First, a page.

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Research Projects

Structure, Stability and Molecular Dynamics Study of Bio-Nanotubes

The objective of this project was to develop a structurally stable cyclic peptide nanotube and investigate its behavior in aqueous and lipid environments. Cyclic peptide nanotubes are synthetic proteins/peptides that act as ion or water channels, and are formed by the arrangement of cyclic peptide rings. These nanotubes are biodegradable and biocompatible, making them potential candidates for drug delivery and transportation in the medical field. One advantage of peptide nanotubes over inorganic nanotubes and vesicles is their ability to manipulate the charge, hydrophobicity, and hydrophilicity without chemical substitutions. However, designing structurally and functionally stable cyclic peptide nanotubes is a challenging task that often requires multiple trial-and-error methods. The primary stability of the nanotube is determined by the hydrogen bonds between adjacent rings in the backbone of the channel. In this study, we have successfully designed two stable cyclic peptide nanotubes: 8 × ([D-Leu-L-Lys-(D-Gln-L-Ala)3]) and 8 × [Cys–Gly–Met–Gly]2. Our findings indicate that the structural stability of the channel depends not only on the hydrogen bonds between adjacent rings but also on non-bonded interaction energies, such as electrostatic and van der Waals forces between the side chains of neighboring rings. We discovered that repulsive electrostatic interactions alone can disrupt backbone hydrogen bonds and lead to channel disassembly. Additionally, the stability of the nanotube is influenced by the surrounding environment, including lipid composition and the presence of other charged molecules.












Remarkably, the 8 × [Cys–Gly–Met–Gly]2 nanotube demonstrated exceptional stability for up to one microsecond in various lipid environments, including POPA (1-palmitoyl-2-oleoyl-sn-glycero3-phosphatidic acid), POPE (1-palmitoyl-2-oleoyl-sn-glycero-3-phosphoethanolamine), POPC (1-palmitoyl2-oleoyl-snglycero-3-phosphocholine), POPG (1-palmitoyl-2-oleoyl-sn-glycero-3-phosphoglycerol), and POPS (1-palmitoyl-2-oleoyl-sn-glycero-3-phosphoserine).

The presence of a sulfur bond between adjacent rings significantly enhanced the structural stability of the nanotube in both aqueous and lipid bilayer environments. Furthermore, the incorporation of modified side chains with oppositely charged moieties in adjacent rings also contributes to the stabilization of the channel in both environments. By elucidating the design principles and stability factors of cyclic peptide nanotubes, this study contributes to the development of novel nanomaterials with potential applications in various fields, particularly drug delivery and transport systems. Further investigations are required to explore the functional properties and performance of these stable nanotubes in practical applications to validate their utility and efficacy.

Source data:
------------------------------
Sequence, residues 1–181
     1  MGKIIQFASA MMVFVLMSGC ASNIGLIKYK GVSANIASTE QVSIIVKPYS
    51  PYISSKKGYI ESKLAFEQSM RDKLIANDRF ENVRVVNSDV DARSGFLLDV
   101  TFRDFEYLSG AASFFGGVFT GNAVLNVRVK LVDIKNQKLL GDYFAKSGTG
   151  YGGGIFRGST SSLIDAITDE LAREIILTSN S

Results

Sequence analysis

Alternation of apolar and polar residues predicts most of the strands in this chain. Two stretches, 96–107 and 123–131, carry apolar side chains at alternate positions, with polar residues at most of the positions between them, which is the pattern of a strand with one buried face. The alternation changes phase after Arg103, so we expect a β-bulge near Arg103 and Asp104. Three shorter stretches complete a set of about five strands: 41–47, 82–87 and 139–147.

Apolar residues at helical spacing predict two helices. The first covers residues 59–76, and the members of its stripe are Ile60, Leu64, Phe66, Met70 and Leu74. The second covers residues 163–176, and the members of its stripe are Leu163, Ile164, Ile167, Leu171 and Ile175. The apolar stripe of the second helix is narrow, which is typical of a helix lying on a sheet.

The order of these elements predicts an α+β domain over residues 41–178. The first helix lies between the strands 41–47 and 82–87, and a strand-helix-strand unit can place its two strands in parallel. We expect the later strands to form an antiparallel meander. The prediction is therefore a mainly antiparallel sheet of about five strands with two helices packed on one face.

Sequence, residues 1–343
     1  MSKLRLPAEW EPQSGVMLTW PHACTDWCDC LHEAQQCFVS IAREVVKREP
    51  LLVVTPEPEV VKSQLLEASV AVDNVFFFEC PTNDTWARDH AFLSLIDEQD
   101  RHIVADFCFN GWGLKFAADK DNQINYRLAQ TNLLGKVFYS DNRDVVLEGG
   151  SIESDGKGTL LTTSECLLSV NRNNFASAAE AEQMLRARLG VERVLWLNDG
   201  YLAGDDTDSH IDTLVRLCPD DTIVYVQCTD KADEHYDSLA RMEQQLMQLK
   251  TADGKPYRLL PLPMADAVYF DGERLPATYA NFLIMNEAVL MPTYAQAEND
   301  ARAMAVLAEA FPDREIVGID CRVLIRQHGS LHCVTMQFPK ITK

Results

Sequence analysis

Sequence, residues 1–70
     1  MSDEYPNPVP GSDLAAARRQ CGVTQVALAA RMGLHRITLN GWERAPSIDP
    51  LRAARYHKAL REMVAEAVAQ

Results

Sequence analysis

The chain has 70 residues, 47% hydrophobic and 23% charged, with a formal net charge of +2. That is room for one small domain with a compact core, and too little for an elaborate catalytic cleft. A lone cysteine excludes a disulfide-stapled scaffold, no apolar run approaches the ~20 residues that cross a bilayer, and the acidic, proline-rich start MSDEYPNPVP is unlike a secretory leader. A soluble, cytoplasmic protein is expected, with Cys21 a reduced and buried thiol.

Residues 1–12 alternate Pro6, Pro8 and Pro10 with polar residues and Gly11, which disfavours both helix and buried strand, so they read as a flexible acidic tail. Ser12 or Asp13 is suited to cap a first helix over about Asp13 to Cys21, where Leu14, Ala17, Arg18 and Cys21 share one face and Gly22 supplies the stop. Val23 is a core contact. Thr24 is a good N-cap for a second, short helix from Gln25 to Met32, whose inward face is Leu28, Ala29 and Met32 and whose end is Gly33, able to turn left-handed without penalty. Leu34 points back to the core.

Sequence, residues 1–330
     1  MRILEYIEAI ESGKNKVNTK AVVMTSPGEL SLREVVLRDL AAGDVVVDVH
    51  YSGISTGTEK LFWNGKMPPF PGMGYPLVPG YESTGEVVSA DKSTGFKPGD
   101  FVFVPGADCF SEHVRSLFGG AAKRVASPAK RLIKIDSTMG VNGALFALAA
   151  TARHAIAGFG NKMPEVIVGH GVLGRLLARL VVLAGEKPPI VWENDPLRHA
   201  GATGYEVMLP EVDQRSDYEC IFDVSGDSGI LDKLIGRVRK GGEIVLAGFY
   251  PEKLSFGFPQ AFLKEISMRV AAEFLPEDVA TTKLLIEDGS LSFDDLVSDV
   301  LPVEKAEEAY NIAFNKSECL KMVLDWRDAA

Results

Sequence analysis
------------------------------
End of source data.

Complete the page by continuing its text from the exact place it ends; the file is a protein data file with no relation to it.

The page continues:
Development of plant based therapeutic against mycotoxins and modulation of CP450 and AChE enzymes

In this study, we aimed to investigate the dynamics of acetylcholinesterase (AChE) and cytochrome P450 (CYP450) enzymes and their inhibitory effects on mycotoxins using a comprehensive approach combining all-atom molecular dynamics simulations,in vitro experiments, and in vivo studies. Mycotoxins, toxic secondary metabolites produced by certain fungi that contaminate food and feed crops, have been implicated in various health issues, including neurological disorders and disrupted drug metabolism. AChE and CYP450 are crucial regulators of acetylcholine levels and drug metabolism, respectively. Our study focused on elucidating the mechanisms by which mycotoxins inhibit these enzymes, employing in vitro assays with cell culture models and animal studies to assess the resultant tissue- and organ-level damage. Notably, we observed enzyme inhibition along with other detrimental effects, such as lipid peroxidation, loss of mitochondrial potential, and cell death. Animal models have demonstrated significant damage to vital organs including the brain, liver, and kidneys. To gain further insight into the inhibition mechanisms, all-atom molecular dynamics simulations were performed. These simulations provided valuable information on the structural dynamics and interactions between mycotoxins and target enzymes, shedding light on the inhibitory processes at the atomic level. Additionally, we screened several plant-extracted molecules to identify potential antagonists of mycotoxin-mediated inhibition. Through rigorous evaluation, we successfully identified specific plant-derived compounds that demonstrated promising antagonistic effects against the inhibitory actions of mycotoxins. Overall, this research project deepened our understanding of the dynamic behavior of AChE and CYP450 enzymes, the inhibitory effects of mycotoxins, and the associated tissue- and organ-level damage. Moreover, our investigation of plant-extracted molecules revealed potential candidates for the development of therapeutics to mitigate mycotoxin-induced enzyme inhibition.

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